algerian and all of them through him pledge to al qaeda. so, we see an organization growing. wise the organization growing? the organization is growing because they are taking advantage of the chaos happening today in the middle east. that's something that did not happen because he's a genius. ayman al-zawahiri is the current leader of al qaeda or could happen because bin laden ordered it to happen before the bullets of the navy seals took them down. bin laden was watching the arab spring from his hideout and he realized that there was something historic happening here. he told his commanders, forget everything i told you. i always told you don't worry about anything, just hit the us, hit the west, hit the head of the snake and we can kill all these regimes if we destroy america or if we make america so weak and so scared to be
involved in the middle east. now, i'm telling you something totally different. i'm telling you even do not send people to go to afghanistan because we are ready according to his word when he said defeated and broke across afghanistan. now, we have to focus on the middle east. because what we are experiencing today is something so big that we did not see in the muslim world since the time of slot in. that his words. let's focus on guaranteeing that when these regimes are thought, when omar qaddafi is falling in libya, when they are falling in tunisia but as guarantee that no one will come and fill that vacuum. most importantly, let's guarantee that there is no democracy because god forbid that people have the ability to
choose. democracy is totally against sharia, so the believers in unbelievers have the same boat and they are equal in their selection of what kind of governments they want, so anyway his commanders understood exactly what he was saying. there's something called the management of savagery, a strategy that has been out about how al qaeda view its strategy. so, first hit the united states until the united states is so weak to support these arab regimes and second creative vacuum. don't allow anyone to fill that vacuum because whoever will fill it will be the new dictator working on behalf of the americans as they see it, so the-- create this vacuum. manage that chaos and savagery happening over there. number three, declare a state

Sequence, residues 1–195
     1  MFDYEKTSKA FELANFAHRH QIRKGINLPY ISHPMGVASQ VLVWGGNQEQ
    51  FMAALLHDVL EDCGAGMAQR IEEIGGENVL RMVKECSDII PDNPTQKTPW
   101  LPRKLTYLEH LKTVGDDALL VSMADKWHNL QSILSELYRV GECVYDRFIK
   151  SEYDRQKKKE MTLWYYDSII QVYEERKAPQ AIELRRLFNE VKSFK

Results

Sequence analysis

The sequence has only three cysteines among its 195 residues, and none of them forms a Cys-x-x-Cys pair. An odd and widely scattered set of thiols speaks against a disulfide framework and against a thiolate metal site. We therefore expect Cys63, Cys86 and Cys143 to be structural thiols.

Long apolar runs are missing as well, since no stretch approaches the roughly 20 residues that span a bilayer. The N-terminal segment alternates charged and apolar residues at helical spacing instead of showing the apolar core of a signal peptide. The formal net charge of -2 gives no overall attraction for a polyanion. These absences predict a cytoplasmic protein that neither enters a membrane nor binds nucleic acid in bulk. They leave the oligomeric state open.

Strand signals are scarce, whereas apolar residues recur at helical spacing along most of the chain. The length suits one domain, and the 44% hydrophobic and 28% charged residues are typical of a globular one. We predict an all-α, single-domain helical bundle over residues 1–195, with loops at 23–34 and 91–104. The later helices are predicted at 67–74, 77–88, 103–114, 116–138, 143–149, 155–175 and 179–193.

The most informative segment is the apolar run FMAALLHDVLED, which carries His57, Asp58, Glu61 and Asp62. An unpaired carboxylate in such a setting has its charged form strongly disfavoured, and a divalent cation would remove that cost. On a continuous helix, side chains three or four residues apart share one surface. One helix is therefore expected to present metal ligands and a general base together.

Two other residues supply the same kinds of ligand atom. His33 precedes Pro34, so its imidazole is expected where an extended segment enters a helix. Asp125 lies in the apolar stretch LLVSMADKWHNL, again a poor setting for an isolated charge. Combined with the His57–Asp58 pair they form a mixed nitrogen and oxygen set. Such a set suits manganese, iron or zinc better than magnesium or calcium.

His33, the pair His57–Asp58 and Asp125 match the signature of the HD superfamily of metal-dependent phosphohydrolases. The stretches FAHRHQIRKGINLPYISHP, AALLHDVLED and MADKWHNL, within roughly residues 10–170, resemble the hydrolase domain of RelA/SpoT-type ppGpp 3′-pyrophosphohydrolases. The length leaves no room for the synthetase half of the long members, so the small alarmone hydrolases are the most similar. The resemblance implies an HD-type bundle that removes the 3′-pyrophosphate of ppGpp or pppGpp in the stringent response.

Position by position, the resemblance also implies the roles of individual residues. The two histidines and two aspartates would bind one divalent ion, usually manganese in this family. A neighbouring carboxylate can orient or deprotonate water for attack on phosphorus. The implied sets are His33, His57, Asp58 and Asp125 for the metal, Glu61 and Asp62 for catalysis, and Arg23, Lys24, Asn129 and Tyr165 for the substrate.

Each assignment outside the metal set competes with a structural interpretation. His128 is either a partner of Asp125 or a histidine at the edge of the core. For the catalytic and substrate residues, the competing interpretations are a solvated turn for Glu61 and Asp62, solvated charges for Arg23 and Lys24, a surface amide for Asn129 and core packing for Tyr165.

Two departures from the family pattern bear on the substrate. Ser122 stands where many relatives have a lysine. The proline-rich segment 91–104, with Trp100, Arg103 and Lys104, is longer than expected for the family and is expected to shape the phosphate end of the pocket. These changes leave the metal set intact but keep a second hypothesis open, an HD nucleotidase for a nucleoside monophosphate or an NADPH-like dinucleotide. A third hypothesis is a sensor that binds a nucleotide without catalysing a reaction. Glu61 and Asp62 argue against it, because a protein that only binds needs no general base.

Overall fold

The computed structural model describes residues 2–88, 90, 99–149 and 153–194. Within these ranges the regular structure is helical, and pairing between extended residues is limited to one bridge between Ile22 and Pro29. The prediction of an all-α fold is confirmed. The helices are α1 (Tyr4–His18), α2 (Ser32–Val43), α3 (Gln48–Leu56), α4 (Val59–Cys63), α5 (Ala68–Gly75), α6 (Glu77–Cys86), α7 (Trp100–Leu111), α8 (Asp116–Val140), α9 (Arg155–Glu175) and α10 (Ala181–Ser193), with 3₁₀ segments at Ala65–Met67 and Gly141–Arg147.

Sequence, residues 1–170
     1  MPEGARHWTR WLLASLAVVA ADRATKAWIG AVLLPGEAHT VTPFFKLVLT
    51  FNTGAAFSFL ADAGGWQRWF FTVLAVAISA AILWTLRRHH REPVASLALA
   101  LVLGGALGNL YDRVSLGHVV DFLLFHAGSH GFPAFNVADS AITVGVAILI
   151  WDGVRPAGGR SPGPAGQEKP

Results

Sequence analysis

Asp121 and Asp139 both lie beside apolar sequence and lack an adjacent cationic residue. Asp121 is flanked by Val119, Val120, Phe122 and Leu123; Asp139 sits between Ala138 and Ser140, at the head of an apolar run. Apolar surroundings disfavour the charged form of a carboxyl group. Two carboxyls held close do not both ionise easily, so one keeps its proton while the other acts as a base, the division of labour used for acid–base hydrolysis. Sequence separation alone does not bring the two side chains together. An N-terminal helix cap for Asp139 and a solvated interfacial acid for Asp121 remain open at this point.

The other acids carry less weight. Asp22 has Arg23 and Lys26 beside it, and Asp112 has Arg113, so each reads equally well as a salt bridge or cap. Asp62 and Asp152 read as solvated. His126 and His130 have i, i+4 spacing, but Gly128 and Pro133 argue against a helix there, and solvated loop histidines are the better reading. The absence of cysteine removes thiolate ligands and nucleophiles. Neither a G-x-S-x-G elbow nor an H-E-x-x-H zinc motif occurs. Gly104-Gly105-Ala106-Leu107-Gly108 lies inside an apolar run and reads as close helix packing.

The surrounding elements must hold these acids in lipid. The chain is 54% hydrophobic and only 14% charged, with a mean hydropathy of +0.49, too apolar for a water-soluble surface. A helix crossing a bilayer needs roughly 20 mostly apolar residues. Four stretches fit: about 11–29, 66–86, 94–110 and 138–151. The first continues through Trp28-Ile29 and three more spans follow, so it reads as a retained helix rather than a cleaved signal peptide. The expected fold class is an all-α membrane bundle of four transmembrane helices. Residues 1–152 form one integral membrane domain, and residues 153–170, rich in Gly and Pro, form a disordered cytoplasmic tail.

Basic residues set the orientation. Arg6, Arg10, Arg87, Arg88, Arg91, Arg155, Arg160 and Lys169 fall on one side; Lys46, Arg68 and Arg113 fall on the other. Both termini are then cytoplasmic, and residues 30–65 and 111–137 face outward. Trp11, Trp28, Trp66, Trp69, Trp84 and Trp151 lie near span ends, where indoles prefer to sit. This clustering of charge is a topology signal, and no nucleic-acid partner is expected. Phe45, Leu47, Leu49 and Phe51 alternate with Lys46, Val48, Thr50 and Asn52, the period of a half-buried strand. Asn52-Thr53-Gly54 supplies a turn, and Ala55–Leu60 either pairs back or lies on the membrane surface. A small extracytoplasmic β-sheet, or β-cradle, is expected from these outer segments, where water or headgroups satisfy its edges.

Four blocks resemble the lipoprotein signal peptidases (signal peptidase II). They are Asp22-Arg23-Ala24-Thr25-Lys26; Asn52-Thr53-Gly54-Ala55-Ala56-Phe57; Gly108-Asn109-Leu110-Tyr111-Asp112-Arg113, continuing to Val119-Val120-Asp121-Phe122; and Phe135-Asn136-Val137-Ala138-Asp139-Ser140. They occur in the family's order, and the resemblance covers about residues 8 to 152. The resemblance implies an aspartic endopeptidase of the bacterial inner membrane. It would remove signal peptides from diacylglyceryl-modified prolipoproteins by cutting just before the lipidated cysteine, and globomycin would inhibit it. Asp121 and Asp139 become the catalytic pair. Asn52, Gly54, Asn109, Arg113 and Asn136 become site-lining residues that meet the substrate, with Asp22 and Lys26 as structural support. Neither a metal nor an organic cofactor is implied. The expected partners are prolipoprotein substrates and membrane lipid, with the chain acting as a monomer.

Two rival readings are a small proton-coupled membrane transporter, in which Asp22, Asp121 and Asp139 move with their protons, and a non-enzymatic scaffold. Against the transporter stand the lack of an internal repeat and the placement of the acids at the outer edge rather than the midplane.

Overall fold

and after you declare a state you can start the final confrontation with the west and nonbelievers. that's their strategy, so bin laden they basically understood at this phase or phase two let's create the chaos. bin laden told his commanders i know what i'm telling you when i talk about chaos, its means a lot of people will die. and lots of muslims will die and then he continued to say and to write we have to kill them to save them. we have to kill them to save them. so, when bin laden died, that order he gave just before he was killed, change the whole power structure in the middle east in such a phenomenal way. now, you see the terrorism threats is totally different than it used it to me back on 9/11. now, the terrorist threat is embedded in very complicated
political wars. what's happening in syria is not only a civil war in syria. it's not fool ourselves. it's not only people who wanted liberty and freedom. that was at the very beginning of the syrian rebellion. it's a geopolitical complex and an international conflict. that's why we are there. that's what the russians are there. that's why the iranians are there and the turks and the iranian state. it's not about the syrian people regionally, secretary is being used to score geopolitical points against regional powers against each other between iran and saudi arabia and we see it all across this conflict zones and who is benefiting from the? extremist groups on the hsia side the sunni side. so come on may,-- may 2, 2011, e
killed bin laden. we do not kill al qaeda. those navy seals took down the messenger, but unfortunately our political leadership did not take down the message. that's what we have today. so, why did i read this book? i wrote the book because even 16 years after 9/11 we still don't have deeper understanding of the enemy. do i mean by that? some across ages said, if you know your enemy and know yourself, you will win 100 times in a hundred battles. do we know our enemy on that level? if you watch television we are still fighting 16 years after 911. what we call the enemy? do we call them islam is, islamic extremist, radical islamic extreme is or i love this one, losers. [laughter]